This is our review of Virgin Atlantic’s premium economy experience on the A350 from London Heathrow to New York JFK.
After reviewing BA’s premium economy (World Traveller Plus) in 2019 I was hoping I would be able to do the same for Virgin Atlantic in 2020. Obviously that never happened, but better late than never!
Virgin Atlantic won ‘World’s Best Premium Economy’ at the 2021 Skytrax awards so I was keen to see how it turned out.
Virgin Atlantic provided the flight for free, but I paid all other costs relating to the trip myself.
First, a quick trip down memory lane…
Premium Economy has a long history at Virgin Atlantic. It was joint-first to launch the new cabin in 1992, together with Taiwanese carrier EVA Air.
Back then it was called the somewhat less beguiling ‘Mid Class’ and was described a “revolutionary new product that will deliver the requirements of the business traveller paying full economy”. Many of the perks of ‘Mid Class’ were the same as Premium offers today, including dedicated check-in, separate cabin and priority baggage handling.
Others benefits have changed. In 1992 you could check in at Victoria Station for London Gatwick flights, you only got a pre take-off orange juice and the in-flight entertainment screens were a high-tech 3″ across!
If you have any memories of ‘Mid Class’ then please leave them in the comments – I’d love to hear them.
Back to the review ….
These days Virgin Atlantic calls premium economy ‘Premium’ (not to be confused with Economy Delight, which is the extra legroom section of the Economy cabin). Whilst many airlines treat premium economy as a better economy product, Virgin Atlantic still seems to approach it as ‘Upper Class minus’.
This starts in the check-in hall, where Virgin Atlantic offers dedicated check-in desks for all Premium customers. British Airways World Traveller Plus customers need to queue at the standard economy desks.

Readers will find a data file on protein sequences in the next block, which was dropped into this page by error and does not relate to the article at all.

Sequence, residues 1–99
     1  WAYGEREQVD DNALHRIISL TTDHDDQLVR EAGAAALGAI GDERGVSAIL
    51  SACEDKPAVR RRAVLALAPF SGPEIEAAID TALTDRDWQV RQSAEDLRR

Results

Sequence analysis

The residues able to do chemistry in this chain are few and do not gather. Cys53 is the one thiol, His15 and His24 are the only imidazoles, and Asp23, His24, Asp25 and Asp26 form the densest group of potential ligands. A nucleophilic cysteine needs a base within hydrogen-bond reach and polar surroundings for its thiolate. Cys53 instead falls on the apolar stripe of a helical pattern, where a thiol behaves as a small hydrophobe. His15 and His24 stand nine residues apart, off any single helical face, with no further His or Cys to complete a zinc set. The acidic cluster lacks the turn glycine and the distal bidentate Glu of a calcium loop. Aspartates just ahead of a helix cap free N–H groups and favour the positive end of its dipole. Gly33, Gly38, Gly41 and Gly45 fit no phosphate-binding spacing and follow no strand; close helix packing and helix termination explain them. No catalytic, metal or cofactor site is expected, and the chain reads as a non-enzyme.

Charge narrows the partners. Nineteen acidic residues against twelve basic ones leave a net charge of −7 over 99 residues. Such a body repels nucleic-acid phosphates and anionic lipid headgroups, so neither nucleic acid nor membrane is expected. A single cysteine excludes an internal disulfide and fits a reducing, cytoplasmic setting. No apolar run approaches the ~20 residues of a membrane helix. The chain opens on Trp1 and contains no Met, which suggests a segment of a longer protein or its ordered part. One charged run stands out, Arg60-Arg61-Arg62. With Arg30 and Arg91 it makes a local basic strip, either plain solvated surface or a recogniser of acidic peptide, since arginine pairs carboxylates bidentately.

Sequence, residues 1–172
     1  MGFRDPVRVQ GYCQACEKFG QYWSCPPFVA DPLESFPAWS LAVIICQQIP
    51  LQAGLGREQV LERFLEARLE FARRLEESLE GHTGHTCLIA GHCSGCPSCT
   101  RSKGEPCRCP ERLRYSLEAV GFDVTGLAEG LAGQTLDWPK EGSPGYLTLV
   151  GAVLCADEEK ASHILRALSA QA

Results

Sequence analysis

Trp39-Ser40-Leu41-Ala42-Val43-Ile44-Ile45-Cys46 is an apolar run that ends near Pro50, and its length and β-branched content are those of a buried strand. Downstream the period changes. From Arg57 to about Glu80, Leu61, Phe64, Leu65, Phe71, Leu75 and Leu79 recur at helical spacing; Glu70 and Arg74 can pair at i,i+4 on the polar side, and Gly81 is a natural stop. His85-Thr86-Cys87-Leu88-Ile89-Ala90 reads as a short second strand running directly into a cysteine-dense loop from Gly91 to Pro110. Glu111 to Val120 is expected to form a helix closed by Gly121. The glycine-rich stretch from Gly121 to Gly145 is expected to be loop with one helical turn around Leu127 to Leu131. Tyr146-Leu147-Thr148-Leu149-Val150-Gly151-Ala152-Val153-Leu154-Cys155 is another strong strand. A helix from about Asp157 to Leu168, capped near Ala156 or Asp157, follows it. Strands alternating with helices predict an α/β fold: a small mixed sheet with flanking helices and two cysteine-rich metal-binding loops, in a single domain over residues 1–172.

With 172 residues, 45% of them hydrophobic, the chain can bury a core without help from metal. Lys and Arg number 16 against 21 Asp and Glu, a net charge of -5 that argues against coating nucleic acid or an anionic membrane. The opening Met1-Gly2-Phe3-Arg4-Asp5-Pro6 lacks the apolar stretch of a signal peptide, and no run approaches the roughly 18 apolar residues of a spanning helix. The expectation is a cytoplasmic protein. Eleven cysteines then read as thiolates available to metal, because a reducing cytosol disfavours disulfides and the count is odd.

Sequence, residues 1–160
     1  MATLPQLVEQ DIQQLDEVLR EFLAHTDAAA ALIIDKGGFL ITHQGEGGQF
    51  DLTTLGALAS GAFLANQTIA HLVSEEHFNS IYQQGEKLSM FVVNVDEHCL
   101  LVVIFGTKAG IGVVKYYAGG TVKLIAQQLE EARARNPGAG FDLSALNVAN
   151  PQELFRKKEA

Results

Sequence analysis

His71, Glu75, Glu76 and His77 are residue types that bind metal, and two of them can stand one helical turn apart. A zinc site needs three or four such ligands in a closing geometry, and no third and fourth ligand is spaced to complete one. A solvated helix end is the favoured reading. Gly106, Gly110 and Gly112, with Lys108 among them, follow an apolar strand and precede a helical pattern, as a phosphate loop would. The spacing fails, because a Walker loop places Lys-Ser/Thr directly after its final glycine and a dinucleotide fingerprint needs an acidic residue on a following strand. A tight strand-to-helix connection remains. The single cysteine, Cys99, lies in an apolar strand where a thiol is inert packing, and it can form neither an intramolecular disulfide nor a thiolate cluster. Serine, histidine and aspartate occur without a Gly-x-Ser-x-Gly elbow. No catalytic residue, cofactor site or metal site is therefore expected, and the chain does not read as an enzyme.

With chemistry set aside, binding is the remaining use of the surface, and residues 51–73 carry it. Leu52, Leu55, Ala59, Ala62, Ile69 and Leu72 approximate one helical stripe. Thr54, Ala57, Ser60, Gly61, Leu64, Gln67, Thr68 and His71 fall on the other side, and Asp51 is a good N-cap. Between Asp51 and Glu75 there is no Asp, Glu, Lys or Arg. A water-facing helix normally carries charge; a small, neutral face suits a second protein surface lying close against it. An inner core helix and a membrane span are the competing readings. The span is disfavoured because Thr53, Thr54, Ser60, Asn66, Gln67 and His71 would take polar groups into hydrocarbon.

Unfortunately check-in and bag drop at Heathrow Terminal 3 were still a little chaotic, despite the recent relaxation of travel restrictions to the United States, with the burden of covid documentation checks passed on to the airlines.
It wasn’t made entirely clear, but before you queue for the check-in you have to get your documents checked in a separate queue. Fortunately another lovely passenger held my spot in the queue whilst I dashed off to do so, but it could have been a lot better sign-posted.
Once I finally reached the top of the queue the check-in staff were very friendly. You can check in up to two bags when flying Virgin Atlantic Premium and they are given a priority bag tag.
Lounge access is not included with Premium unless you are Flying Club Gold or have your two Clubhouse passes as a Silver, as I did. You can read my review of the Virgin Atlantic Clubhouse at Heathrow here.
On board – Premium on Virgin Atlantic’s A350s
The A350 is the flagship of Virgin Atlantic’s fleet and carries the newest Premium cabin. There are 56 seats in the cabin on both the Heathrow and ‘leisure configured’ A350s.
On the Heathrow A350 fleet the Premium cabin is to the right of boarding, in a cosy seven row cabin. Seats are in a 2-4-2 configuration, with everyone just one seat away from the aisle at most. Unfortunately the flight was packed so I wasn’t able to get a good shot of the cabin itself.
I was able to try out both a normal seat as well as a bulkhead extra legroom seat at the front of the cabin.